See His wisdom and His ways, and seek to imitate Him. Consider your paths – how much more of a blessing to your family and church will you be when you are happy and unstressed, and your home in order and inviting? How much time will be lost in a home that is in disarray? Which will honor God?

Write down a plan. Review it and revise it.
Use helps. Has someone made a solution to the problem you’re having?  Use timers for cleaning, Google calendar, alarms on your phone, and digital to-do lists with reminders – keep trying things until you find what works. Keep a good grocery list you can easily add to on your phone. Plan backward from when you need to get somewhere. Time how long things take. You might think it takes 5 minutes to get everyone out the door when it takes 20. That alone will make you late. Don’t assume that the way things are is the way things have to be. Think and troubleshoot!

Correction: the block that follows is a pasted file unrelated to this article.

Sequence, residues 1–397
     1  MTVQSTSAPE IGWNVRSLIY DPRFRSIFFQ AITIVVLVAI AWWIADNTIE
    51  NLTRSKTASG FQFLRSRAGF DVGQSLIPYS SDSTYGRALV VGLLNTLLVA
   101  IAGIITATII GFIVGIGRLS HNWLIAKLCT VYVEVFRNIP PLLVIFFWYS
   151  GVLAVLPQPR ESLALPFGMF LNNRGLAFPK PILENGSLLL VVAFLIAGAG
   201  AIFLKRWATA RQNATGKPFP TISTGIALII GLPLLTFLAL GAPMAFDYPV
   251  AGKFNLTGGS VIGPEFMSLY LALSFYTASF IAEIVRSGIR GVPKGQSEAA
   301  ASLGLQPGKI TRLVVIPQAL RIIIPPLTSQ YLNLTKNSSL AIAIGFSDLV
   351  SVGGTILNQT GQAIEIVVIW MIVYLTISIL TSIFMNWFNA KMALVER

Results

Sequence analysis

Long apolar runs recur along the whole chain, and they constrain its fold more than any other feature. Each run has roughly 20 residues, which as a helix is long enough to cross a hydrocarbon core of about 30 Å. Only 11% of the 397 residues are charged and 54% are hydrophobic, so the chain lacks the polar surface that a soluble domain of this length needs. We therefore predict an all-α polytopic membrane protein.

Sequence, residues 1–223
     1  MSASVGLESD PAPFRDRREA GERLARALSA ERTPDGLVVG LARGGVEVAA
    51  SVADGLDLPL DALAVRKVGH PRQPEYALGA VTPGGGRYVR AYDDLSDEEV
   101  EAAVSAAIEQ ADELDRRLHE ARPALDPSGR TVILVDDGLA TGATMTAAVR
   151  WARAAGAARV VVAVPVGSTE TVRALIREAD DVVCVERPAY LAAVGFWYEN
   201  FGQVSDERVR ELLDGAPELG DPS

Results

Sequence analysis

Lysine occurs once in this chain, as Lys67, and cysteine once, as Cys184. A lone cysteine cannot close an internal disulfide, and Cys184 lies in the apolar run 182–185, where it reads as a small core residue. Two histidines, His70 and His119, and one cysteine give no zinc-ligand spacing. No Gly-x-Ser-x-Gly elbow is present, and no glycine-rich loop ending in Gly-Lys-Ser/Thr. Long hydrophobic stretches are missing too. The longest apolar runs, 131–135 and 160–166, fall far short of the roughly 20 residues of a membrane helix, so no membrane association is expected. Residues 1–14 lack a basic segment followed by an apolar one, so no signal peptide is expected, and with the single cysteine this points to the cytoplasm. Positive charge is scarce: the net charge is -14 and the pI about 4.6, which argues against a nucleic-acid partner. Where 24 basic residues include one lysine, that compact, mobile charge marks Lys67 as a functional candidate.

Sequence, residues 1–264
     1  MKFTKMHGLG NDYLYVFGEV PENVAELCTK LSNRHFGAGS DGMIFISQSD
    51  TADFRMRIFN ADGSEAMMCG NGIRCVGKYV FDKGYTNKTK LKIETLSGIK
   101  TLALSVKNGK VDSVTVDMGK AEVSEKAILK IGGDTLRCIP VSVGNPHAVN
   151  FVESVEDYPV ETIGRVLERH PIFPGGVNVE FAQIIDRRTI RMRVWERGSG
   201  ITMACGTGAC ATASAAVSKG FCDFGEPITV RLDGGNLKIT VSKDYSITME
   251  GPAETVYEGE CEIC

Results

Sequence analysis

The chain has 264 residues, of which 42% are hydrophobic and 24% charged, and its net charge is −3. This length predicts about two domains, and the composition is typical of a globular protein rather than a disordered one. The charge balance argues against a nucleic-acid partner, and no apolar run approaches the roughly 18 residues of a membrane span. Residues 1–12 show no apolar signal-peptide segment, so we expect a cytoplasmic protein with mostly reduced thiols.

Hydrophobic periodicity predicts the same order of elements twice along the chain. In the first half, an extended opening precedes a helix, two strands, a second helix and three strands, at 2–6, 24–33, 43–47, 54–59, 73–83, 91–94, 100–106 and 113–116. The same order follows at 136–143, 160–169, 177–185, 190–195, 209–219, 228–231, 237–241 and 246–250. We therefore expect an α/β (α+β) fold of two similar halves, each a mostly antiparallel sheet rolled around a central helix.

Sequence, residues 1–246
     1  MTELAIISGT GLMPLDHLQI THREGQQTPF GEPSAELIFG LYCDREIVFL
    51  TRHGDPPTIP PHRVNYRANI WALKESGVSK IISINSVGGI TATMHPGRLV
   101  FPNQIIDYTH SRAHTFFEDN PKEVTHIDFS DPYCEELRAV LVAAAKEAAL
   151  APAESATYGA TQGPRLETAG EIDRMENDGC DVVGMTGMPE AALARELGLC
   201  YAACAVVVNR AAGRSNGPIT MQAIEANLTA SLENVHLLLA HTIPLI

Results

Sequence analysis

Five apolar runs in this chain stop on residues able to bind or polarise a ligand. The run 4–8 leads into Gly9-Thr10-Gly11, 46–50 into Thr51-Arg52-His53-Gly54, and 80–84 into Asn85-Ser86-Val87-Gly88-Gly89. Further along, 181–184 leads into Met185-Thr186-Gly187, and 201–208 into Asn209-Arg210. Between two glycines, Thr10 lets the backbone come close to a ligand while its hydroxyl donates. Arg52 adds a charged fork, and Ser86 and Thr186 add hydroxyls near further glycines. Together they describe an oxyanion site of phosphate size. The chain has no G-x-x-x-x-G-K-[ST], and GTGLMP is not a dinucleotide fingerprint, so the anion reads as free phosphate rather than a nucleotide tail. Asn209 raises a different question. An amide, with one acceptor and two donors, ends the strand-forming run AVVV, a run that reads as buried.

Remember and celebrate small victories.
I remember when going shopping with one baby was stressful. Now, I love getting out with just an infant in a car seat! If you are consistent, you will be able to do things you can’t imagine right now. Remember those victories to encourage you when the next task you need to conquer feels impossible.

And ask others to pray for you. Don’t be shy about being specific. It’s amazing how many spiritual benefits can come from waking up half an hour earlier, or keeping the dishes in order.

Our homes should be places where God is glorified, places of order and peace. If you are a hot mess, that won’t change in a day. But you can make progress today, and tomorrow, until you’ve stopped excusing the hot mess and started keeping it in order.